I always find plague pits and the black death morbidly fascinating! I came very close to working on one once too...
When I was studying archaeology in Uni, I worked on a Roman villa a few miles out from Brighton, which was basically in the middle of nowhere and was all fields and a few farms dotted around, and a church on the top of a hill.
The vicar at the church had asked a few of the students if they would do some digging in the graveyard before a Sunday school extension was added so the builders didn't come across any nasty surprises.
While digging up there we found several unmarked graves (most being of babies born out of wedlock!) and there was a part of the graveyard that was slightly raised. One of the head archaeologists on the site told us that it was probably a plague pit, and the reason he said that was because even though this church was in the middle of nowhere, it wouldn't have always been as villages and towns were built around churches. Something must have happened in the town for it to completely disappear and the theory was that it was wiped out by plague or moved a few miles away!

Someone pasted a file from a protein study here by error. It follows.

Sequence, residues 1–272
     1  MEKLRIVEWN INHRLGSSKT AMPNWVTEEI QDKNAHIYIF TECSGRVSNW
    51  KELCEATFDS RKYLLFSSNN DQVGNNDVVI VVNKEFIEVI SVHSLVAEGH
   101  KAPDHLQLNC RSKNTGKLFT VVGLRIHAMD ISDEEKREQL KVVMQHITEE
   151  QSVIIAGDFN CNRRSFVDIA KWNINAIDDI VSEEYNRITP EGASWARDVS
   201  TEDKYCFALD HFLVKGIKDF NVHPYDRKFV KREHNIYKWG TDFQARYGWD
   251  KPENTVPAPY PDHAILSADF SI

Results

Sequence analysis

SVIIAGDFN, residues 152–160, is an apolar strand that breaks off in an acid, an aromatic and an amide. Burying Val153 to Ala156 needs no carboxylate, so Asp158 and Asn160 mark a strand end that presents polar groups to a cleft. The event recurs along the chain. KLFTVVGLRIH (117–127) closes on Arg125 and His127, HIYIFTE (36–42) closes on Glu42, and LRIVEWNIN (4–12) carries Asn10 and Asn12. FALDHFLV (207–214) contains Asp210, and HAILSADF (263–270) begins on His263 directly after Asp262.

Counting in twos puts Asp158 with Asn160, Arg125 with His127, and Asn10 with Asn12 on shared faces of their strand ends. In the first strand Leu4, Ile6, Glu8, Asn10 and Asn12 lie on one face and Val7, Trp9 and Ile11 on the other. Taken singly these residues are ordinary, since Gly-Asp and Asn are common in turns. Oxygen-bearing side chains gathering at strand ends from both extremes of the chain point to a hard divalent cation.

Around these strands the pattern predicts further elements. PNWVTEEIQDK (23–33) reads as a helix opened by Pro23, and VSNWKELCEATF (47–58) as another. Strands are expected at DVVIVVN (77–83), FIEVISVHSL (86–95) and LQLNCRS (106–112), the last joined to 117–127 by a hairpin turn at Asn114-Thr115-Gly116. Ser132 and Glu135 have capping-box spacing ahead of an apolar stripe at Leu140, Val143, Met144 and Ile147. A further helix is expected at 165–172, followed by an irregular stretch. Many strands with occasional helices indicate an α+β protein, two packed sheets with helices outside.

So apparently that's how you tell where the black death had hit: if you find a church outside of a village rather than in the middle of it, as the villagers moved off to try and escape the plague!